I've blogged a few posts earlier in admiration of some of the beautiful beaches in my wife's home country, the Philippines, such as Boracay and a few of the beach resorts on Mactan Island in Cebu. This time, I decided to showcase a gorgeous beach here in the U.S. Last summer, when we took our family trip to New York City, we also toured Cape Cod, Massachusetts a few days later. Cape Cod is a narrow "elbow" or "hook" of land in the northeast part of the U.S. that extends quite far out into the Atlantic Ocean from the mainland part of Massachusetts, forming a "protected" bay called Cape Cod Bay. The area of Cape Cod, while small in comparison to the rest of the U.S., contains some really interesting history and great beauty, and is a famous tourist area for those wishing to enjoy the beaches, watch whales (I will post about our Cape Cod whale-watching tour soon), and much more.
Cape Cod offers gorgeous beaches on its east side facing the open ocean. However, these ocean-side beaches have a few drawbacks -- namely the water temperature is cold even in the summer, the current can be tricky with experienced adults and treacherous with little kids. Perfect beaches for experienced body boarders and surfers and swimmers who like big surf, but maybe not the best for folks with little kids or non-swimmers. Also, (very unlikely but...) there was a great white shark attack last summer near Truro, Massachusetts, just before we went there. This latter incident is due to a large extent to new laws that protect seals in the area -- more prey for the sharks. Given these factors and mainly the fact that we wanted a warmer place to swim, we made the trip of just a few miles/kilometers across the narrow strip of land that is Cape Cod to travel from the eastern shore to the western shore. The western shore looks inland toward Plymouth, Massachusetts, and the beaches here (near Eastham, Massachusetts) enjoy the much warmer water of Cape Cod Bay, much smaller surf and waves, hardly any current and no dangerous rip-tide, and no sharks.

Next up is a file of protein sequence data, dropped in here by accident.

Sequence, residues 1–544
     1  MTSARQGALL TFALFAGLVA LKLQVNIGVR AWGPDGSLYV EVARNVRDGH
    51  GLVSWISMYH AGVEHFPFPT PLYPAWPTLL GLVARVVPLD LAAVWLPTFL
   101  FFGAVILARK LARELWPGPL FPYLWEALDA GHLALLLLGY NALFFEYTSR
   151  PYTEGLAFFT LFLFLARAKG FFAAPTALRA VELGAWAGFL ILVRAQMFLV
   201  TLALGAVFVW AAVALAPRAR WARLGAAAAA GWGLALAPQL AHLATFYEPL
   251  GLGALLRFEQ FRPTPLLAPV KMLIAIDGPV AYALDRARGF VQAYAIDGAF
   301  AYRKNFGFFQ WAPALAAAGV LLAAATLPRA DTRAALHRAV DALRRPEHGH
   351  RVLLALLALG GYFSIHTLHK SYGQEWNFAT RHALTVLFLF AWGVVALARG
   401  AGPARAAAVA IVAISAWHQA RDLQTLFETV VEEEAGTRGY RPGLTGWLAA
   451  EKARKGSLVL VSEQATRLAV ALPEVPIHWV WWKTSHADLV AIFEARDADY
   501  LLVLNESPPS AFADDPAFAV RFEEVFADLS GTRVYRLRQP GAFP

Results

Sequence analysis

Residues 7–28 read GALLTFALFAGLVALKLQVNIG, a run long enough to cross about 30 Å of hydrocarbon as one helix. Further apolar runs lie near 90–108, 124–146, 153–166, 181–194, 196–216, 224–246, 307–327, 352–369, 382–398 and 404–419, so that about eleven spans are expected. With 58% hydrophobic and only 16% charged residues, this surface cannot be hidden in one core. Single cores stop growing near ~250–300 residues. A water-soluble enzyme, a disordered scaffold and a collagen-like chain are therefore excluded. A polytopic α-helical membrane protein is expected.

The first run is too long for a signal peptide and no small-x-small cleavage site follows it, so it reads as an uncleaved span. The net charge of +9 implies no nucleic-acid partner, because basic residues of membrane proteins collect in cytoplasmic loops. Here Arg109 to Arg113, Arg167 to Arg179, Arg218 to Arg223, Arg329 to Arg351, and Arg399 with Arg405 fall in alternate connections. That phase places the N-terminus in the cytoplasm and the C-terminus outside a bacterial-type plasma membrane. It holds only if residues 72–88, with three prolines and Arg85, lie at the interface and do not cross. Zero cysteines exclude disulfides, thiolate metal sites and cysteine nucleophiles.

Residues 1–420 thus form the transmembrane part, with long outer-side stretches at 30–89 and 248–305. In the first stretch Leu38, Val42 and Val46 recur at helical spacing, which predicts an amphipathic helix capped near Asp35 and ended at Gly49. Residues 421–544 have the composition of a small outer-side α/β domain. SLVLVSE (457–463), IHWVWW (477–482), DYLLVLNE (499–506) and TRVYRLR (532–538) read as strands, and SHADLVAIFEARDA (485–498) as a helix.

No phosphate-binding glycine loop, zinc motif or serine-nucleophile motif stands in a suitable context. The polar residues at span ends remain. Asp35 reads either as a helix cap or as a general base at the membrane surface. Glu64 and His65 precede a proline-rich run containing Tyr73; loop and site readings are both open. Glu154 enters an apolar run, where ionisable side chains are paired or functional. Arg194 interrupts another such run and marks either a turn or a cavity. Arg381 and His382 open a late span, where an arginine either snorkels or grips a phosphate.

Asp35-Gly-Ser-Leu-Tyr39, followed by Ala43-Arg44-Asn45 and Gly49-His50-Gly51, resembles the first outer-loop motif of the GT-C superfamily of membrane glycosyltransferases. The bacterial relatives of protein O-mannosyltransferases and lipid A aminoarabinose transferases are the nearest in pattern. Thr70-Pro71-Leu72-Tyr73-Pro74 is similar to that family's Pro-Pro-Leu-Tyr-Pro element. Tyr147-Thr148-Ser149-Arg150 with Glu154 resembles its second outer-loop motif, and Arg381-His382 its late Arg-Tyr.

The beach we chose, First Encounter Beach, was recommended to us by the lady who owned the hotel at which we were staying. It got that name because the English "Pilgrims" who first colonized that area of what was to become the U.S. landed on Cape Cod in 1620, and first encountered the Native American tribe called the Nauset tribe at this very beach. It was a fantastic recommendation, and we all enjoyed it so much. We arrived late in the afternoon, and decided to stay late until after sunset (maybe 8:30 PM or so) because we just wanted to rest and relax after making a pretty long drive that day.
The beach is amazing in its beauty, and there are cute little typical cedar-shake (wood shingled) Cape Cod cottages built on top of the sand dunes that overlook green reeds growing in the tidal flats. After doing some swimming with Mommy and Daddy, our daughter quickly discovered (and we were stunned to see) the amount of tiny little hermit crabs that were so active right at the shore line... she loves swimming, but became much more interested in investigating and catching the little critters. She had so much fun catching these little creatures in a plastic cup (all of them were later returned to their natural habitat unharmed)!